"Inbox Zero" is a thing?

Since he asked.

Do you try to get your inbox down to zero unread messages? If so, why?

Wait, zero unread messages? I thought "inbox zero" meant zero messages.

People aiming for zero unread messages are at stage one. I'm at stage two: my email inbox contains almost zero messages outright. Since the snazzy "inbox zero" term is already taken, I suppose this could be called "true inbox zero". Or perhaps "inbox zero omega". "Inbox double zero"?

Every email in my inbox has been read. Every email which has been acted upon, and requires no further action from me, has been archived or deleted. Thus, my email inbox constitutes a list of items still requiring action from me, even if the action is "read this email". It is a portion of my global "Things To Do" list.

At the moment, my inbox contains four email conversations. In my archive directory, there are 8300 more email conversations, all of which are concluded from my perspective. (Some of these conversations are still in progress, but if I'm waiting for a response from somebody else then the conversation doesn't require an action from me, so I archive it until the response arrives and bumps it back into the inbox.)

Is inbox zero something you try to achieve every day? Every month? Every quarter?

There's no "try to". I read all of my email. Otherwise, the "you have unread emails" notification in my system tray is useless. But it's unrealistic to expect to be able to truly empty my inbox. We all have Things To Do and always will.

I keep my "To Do" list short. When it gets too long, I focus more attention on shortening it. Same as everybody does.

What does inbox zero represent to you? Does it have deeper meaning?

My email inbox is a portion of my global "Things To Do" list. Inbox zero means I've done everything. That's all.

Does inbox zero lead to better overall organization?

It's always easier to organise fewer things.


In the same way that I lead an intentionally minimalist lifestyle, I have always striven to keep my email inbox as empty as possible by dealing with everything that needs to be dealt with. This is just something that I have done for as long as I can remember, and it is something which I assumed that pretty much everybody else in the world also did, because the reasons for doing so are so obvious and compelling.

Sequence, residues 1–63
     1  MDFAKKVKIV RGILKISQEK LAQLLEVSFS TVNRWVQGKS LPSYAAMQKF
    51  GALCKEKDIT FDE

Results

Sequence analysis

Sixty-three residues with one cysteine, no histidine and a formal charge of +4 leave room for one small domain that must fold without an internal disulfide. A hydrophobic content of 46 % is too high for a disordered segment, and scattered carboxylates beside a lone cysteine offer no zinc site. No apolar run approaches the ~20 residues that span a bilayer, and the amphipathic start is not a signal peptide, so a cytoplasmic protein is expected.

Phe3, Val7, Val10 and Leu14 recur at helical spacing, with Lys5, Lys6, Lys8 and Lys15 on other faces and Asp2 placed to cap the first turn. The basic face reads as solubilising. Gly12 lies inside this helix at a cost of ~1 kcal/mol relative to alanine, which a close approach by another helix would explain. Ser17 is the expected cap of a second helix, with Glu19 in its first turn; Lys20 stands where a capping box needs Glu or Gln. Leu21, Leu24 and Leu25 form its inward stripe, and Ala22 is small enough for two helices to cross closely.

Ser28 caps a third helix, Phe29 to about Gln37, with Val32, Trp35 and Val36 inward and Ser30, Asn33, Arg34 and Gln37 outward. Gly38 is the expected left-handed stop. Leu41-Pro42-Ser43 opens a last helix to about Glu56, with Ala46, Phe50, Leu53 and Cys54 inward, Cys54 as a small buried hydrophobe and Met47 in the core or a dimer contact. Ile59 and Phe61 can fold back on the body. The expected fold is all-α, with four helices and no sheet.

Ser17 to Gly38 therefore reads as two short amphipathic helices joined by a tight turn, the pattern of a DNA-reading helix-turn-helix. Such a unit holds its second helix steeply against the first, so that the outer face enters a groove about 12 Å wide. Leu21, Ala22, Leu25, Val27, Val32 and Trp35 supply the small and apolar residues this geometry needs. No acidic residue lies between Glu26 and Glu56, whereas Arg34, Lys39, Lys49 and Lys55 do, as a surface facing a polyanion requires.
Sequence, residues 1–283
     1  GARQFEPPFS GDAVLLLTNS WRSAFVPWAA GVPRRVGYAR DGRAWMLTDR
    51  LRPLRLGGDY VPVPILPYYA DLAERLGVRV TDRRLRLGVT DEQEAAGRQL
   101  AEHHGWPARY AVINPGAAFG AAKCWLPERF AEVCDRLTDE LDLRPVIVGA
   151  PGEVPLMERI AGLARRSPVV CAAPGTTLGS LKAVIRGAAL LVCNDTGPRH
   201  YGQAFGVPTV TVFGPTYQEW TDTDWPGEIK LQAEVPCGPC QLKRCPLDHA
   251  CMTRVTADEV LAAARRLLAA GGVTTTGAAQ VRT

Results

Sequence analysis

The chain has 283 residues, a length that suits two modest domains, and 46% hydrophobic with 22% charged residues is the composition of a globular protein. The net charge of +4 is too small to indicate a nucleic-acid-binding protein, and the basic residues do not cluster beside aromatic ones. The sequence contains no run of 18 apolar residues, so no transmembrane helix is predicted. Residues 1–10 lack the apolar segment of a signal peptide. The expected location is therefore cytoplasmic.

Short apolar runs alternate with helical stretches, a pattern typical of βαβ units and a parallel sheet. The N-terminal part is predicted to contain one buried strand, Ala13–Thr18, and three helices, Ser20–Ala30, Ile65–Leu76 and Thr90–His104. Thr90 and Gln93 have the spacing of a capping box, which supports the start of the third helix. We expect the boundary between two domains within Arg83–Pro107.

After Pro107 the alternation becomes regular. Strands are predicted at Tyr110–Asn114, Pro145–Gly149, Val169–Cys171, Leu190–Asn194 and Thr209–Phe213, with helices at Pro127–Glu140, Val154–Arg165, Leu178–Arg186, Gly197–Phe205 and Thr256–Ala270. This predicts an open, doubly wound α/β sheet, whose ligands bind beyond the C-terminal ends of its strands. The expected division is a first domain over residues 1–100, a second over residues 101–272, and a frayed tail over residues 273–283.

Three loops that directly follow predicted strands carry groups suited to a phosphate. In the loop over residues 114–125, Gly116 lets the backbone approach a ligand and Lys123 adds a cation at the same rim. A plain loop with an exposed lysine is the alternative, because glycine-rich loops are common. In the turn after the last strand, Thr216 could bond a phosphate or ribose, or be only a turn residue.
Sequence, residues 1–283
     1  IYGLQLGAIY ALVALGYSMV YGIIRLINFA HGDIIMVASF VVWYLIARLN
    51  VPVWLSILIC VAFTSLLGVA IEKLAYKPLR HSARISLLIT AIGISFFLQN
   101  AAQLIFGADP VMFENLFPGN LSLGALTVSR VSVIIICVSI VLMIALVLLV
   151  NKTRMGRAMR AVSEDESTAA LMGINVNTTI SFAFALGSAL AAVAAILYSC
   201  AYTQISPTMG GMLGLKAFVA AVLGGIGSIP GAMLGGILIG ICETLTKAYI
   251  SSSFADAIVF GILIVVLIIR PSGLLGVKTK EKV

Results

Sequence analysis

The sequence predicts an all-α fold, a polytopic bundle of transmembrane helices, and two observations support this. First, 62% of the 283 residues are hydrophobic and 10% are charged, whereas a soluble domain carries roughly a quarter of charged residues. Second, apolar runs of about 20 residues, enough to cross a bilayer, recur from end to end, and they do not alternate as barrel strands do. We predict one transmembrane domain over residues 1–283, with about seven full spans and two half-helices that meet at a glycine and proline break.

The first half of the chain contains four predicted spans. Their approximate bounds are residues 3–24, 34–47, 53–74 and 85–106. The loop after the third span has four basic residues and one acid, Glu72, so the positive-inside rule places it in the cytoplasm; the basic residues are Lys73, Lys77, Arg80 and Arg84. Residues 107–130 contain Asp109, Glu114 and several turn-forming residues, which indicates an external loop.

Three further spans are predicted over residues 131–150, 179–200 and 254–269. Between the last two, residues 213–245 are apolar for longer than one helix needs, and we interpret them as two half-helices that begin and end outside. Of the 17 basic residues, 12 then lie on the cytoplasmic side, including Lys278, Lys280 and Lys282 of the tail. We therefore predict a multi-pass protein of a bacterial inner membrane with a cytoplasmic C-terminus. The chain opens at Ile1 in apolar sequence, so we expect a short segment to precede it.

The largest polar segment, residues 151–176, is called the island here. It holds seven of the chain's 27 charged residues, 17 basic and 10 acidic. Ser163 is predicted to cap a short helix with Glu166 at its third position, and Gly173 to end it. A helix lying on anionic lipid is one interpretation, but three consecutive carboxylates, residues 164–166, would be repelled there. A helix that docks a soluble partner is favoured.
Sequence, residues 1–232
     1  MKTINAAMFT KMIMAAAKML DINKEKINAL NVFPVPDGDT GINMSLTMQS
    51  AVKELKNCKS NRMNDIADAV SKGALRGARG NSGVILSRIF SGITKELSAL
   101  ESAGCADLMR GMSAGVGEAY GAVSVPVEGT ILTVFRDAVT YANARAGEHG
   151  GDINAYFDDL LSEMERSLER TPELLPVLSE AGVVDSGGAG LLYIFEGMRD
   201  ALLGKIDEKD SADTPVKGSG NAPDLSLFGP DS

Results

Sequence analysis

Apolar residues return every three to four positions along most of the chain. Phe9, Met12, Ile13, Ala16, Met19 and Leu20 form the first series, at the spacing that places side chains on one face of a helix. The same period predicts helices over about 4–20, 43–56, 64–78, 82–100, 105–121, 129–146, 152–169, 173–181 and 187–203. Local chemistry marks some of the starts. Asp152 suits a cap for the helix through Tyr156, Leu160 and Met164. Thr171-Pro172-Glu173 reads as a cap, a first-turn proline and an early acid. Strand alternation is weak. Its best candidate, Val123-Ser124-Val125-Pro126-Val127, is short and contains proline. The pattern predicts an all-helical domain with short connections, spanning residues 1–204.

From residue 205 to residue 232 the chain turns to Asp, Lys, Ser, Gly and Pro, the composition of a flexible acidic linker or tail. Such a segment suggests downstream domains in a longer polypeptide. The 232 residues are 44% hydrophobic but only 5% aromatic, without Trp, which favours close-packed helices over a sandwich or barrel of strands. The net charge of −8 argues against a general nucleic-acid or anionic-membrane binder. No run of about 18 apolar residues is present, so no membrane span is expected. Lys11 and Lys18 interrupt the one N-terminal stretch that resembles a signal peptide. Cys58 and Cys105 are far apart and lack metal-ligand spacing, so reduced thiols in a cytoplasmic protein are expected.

I had no idea that "keep your inbox tidy, like everything else in your life" had such a fancy name, or had enough mileage in it to be worth writing a book around. I'm suddenly given to wonder what else there is that I do, which seems blindingly obvious to me, but which would rock the rest of the world to its core.

Discussion (12)

2011-01-15 01:47:59 by Josh:

Wow, I didn't even know Inbox Zero was a thing. Maybe it's because the only inbox besides my own that I recall seeing is my brother's. He has thousands of messages in his inbox, and over 1700 unread e-mails. This to me seems entirely unnecessary. My inbox has been relatively clean since I first started using e-mail almost six years ago. So why do you think you put "Read unread e-mails" and "Archive e-mails in inbox" on your global to-do list?

2011-01-15 04:57:04 by Kochier:

My inbox is always empty, I have no unread messages. I archive most e-mails in various folders depending on what they are about. I don't really use e-mails for conversations, but when I do I keep the chain of e-mails in my inbox as it is my goings on. When I am finished with the conversation I will delete any unnecessary parts of the conversation and archive the rest. My mom's e-mail is a disaster, she has hundreds of unread e-mails, and thousands in her inbox. It stuns me that she uses it like that.

2011-01-15 06:29:47 by Euclid:

I read all my emails, but my inbox isn't empty; it's full of read emails. And they're there if I need them. Why is it better to archive them rather then just keep them right there at easy access?